Silver, as he says, correctly predicted all 35 Senate races in 2008. He says Scott gets 74%. Ted Kennedy’s old seat in Massachusetts goes to a Republican. I don’t yet know what to make of that. Certainly angry independents are a big part of what’s happening and they will turn out for Brown.

If I had any, I’d eat a big big piece of chocolate cake, drink a long cold glass of milk, put on flannel pajamas and curl up in bed. The bed part I can do. And will. Since the world is ending.

Ouch

I’ve seen this before. And it didn’t turn out well that time.

But they probably need the money guys . . .

Before I head off to what promises to be a busy day full of meetings, I’d like to share the final paragraph from Frank Rich’s column in the Sunday NYTimes. He’s having some fun examining the antics of Michael Steele and Sarah Palin – both target rich even without the questionable sublimation of political principle to the wonderful world of personal-for-profits.

Rich wraps it with:

The Democrats’ efforts to counter the deprivation and bitterness spawned by the Great Recession are indeed timid and imperfect. The right has a point when it says that the Senate health care votes of Ben Nelson of Nebraska and Mary Landrieu of Louisiana were bought with pork. But at least their constituents can share the pigout. Hustlers like Steele and Palin take the money and run. All their followers get in exchange is a lousy tea party T-shirt. Or a ghost-written self-promotional book. Or a tepid racial sideshow far beneath the incendiary standards of the party whose history from Strom to “macaca” has driven away nearly every black American except Steele for the past 40 years.

That’s about right.

Good Morning

The sun is up and so am I. And – just like that! – it’s the 101st day of the ninth year of the War in Afghanistan.

Love letters

Mr. Limbaugh of Palm Beach

By now, pretty much all sentient and literate beings know the trashtalk that came from Rush Limbaugh last week after the Haitian earthquake. This sad fat man regularly reaches to the bottom of the barrel to titilate his drooling audience.Movie critic Roger Ebert has had enough I guess.On Thursday, he posted an open letter t o Limbaugh on his own website.* (I heard this exchange below in real time (masochist I am) and posted about it at the time.  It was far worse than it appears in print – full of sputtering noises, full of bluster and faux outrage.)

*It’s actually the Chicago Sun-Times’ site.

Here’s Ebert’s letter:

TO : Rush Limbaugh

FROM : Roger Ebert

You should be horse-whipped for the insult you have paid to the highest office of our nation.

Having followed President Obama’s suggestion and donated money to the Red Cross for relief in Haiti, I was offended to hear you suggest the President might be a thief capable of stealing money intended for the earthquake victims.

Here is a transcript from your program on Thursday:

Justin of Raleigh, North Carolina: “Why does Obama say if you want to donate some money, you could go to whitehouse.gov to direct you how to do so? If I wanted to donate to the Red Cross, why do I have to go to the White House page to donate?”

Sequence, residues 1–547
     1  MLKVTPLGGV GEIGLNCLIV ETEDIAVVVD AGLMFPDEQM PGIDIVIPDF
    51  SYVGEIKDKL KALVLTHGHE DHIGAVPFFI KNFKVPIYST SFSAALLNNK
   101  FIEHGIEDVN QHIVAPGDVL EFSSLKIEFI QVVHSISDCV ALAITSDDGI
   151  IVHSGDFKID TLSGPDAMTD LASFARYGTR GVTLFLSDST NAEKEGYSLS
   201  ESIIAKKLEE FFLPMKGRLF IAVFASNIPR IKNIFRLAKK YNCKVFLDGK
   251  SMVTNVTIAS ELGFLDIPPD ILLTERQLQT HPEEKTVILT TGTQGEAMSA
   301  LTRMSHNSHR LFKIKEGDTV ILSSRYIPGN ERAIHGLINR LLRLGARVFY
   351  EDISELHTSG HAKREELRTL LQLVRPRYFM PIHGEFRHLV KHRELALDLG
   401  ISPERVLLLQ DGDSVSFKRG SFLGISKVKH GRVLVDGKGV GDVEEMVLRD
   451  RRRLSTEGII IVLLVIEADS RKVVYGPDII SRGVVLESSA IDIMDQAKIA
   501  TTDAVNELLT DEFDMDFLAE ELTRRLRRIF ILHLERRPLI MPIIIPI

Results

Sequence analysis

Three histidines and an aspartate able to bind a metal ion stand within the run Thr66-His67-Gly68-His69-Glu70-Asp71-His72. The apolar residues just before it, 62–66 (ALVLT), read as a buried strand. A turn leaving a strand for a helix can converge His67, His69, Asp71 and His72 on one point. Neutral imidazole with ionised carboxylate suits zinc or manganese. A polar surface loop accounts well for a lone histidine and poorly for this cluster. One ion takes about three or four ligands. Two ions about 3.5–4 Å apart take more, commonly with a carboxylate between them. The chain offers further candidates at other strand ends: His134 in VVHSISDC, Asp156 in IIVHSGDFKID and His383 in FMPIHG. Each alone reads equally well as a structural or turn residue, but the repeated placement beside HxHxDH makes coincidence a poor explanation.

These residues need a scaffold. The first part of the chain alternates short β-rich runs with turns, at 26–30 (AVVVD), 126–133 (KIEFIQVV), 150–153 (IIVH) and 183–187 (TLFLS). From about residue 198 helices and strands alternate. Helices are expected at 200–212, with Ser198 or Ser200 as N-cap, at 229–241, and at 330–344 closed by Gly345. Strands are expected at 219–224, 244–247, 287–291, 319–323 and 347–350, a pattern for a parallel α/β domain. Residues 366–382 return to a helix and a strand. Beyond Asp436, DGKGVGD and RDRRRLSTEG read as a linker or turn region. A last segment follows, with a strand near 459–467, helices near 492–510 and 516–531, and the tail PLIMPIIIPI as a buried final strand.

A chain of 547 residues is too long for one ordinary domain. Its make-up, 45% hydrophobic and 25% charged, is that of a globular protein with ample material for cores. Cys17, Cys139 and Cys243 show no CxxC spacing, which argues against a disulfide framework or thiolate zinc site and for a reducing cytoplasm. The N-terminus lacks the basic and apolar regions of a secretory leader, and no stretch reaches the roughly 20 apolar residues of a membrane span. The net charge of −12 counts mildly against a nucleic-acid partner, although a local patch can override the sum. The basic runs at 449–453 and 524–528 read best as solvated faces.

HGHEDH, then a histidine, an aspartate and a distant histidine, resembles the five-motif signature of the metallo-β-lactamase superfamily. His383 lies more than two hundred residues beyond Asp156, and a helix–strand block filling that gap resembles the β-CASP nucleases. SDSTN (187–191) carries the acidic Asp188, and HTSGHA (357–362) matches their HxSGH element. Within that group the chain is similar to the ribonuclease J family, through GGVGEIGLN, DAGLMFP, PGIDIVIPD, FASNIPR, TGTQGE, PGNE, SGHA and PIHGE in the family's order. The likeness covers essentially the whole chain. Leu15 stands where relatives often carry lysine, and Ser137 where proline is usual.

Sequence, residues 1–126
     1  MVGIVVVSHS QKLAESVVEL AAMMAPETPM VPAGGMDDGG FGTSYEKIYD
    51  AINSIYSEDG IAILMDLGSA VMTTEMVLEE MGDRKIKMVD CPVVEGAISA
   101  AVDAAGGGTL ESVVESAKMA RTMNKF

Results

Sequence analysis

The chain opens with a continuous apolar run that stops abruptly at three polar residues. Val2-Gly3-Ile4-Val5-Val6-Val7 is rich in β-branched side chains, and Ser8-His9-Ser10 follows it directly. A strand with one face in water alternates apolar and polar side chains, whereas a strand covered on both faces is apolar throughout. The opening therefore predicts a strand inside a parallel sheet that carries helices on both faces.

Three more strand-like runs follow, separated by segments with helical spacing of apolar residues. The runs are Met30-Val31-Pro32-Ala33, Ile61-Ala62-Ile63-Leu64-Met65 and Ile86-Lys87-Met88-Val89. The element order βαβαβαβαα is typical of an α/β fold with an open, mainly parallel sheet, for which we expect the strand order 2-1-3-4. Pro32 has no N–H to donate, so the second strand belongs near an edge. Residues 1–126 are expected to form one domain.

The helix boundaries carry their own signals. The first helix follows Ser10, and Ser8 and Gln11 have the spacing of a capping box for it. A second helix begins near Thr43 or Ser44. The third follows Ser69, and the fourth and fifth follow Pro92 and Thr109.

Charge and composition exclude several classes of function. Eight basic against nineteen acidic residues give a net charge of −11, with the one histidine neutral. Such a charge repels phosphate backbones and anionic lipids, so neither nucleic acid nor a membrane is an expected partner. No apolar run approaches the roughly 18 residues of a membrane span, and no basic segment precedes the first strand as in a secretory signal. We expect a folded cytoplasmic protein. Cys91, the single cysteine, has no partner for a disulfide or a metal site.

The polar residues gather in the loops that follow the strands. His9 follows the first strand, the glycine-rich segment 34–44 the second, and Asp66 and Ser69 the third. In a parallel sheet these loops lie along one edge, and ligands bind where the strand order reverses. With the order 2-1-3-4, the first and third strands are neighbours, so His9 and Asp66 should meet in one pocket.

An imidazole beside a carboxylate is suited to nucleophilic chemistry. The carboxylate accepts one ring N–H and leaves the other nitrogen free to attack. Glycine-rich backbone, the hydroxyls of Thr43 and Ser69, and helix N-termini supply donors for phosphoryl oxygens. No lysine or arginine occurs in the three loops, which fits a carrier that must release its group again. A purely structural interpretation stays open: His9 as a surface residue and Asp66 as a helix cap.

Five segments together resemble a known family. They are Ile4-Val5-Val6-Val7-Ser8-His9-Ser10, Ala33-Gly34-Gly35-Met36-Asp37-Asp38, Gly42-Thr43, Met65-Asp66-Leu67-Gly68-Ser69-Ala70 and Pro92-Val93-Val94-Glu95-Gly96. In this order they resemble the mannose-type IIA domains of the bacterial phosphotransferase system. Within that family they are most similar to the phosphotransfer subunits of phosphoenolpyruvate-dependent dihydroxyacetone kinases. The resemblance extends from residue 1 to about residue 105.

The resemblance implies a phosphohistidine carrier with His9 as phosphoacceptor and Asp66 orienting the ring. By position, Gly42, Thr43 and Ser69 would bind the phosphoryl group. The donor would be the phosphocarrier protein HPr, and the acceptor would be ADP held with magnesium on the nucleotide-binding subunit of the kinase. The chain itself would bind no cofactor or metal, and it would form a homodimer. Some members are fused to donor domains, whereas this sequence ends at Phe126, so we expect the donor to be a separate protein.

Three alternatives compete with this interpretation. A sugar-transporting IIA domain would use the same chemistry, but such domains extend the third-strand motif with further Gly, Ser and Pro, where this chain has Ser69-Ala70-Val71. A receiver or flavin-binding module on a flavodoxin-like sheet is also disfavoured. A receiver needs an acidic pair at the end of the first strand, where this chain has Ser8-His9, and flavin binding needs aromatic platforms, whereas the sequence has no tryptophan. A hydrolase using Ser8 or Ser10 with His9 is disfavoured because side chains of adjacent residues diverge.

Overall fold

Limbaugh: “Exactly. Would you trust the money’s gonna go to Haiti?”

Justin: “No.”

Rush: “But would you trust that your name’s gonna end up on a mailing list for the Obama people to start asking you for campaign donations for him and other causes?”

Justin: “Absolutely!”

Limbaugh: “Absolutely!”


That’s what was said.

Unlike you and Justin of Raleigh, I went to Obama’s web site, and discovered the link there leads directly to the Red Cross. I can think of a reason why anyone might want to go via the White House. That way they can be absolutely sure they’re clicking on the Red Cross and not a fake site set up to exploit the tragedy.

But let me be sure I have this right. You and Justin agree that Obama might steal money intended for the Red Cross to help the wretched of Haiti.

This conversation came 48 hours after many of us had seen pitiful sights from Port au Prince. Tens of thousands are believed still alive beneath the rubble. You twisted their suffering into an opportunity to demean the character of the President of the United States.

This cannot have been an accident. A day earlier, in a sound bite from your show, you said “this will play right into Obama’s hands. He’s humanitarian, compassionate. They’ll use this to burnish their, shall we say, ‘credibility’ with the black community — in the both light-skinned and dark-skinned black community in this country. It’s made-to-order for them.”

Setting aside your riff on Harry Reid, consider what you imply. Obama will aid Haiti to please African-Americans. Haiti has lost untold thousands of lives. One third of the population has lost its homes. Countless people are still buried in the rubble. Every American president would act quickly to help our neighbor. You are so cynical and heartless as to explain Obama’s action in a way that unpleasantly suggests how your mind works.

You have a sizable listening audience. You apparently know how to please them. Anybody given a $400 million contract must know what he is doing.